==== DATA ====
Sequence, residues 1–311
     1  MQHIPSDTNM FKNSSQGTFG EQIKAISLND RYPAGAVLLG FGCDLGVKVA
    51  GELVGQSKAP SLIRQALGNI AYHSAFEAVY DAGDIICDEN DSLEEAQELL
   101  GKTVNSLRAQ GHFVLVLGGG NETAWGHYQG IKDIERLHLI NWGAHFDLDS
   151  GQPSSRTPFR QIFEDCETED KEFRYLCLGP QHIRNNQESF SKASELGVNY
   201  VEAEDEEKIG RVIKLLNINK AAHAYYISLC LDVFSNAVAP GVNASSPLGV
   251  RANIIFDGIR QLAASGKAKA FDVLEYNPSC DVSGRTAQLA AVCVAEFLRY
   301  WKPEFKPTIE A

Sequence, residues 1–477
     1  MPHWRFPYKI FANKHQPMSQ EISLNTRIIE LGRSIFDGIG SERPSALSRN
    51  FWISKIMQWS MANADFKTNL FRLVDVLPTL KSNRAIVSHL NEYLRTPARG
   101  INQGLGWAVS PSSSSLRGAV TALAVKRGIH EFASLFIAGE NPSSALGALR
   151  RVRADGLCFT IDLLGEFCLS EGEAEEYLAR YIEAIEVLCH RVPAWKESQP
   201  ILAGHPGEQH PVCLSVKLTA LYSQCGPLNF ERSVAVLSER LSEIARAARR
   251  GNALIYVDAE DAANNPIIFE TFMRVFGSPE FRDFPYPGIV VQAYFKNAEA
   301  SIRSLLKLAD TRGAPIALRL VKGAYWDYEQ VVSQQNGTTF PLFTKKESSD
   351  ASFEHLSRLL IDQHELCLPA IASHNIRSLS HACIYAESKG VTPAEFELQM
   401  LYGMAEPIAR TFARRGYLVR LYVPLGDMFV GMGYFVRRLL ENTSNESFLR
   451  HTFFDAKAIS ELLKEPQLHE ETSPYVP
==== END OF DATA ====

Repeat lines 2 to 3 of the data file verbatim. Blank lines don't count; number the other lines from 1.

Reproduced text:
     1  MQHIPSDTNM FKNSSQGTFG EQIKAISLND RYPAGAVLLG FGCDLGVKVA
    51  GELVGQSKAP SLIRQALGNI AYHSAFEAVY DAGDIICDEN DSLEEAQELL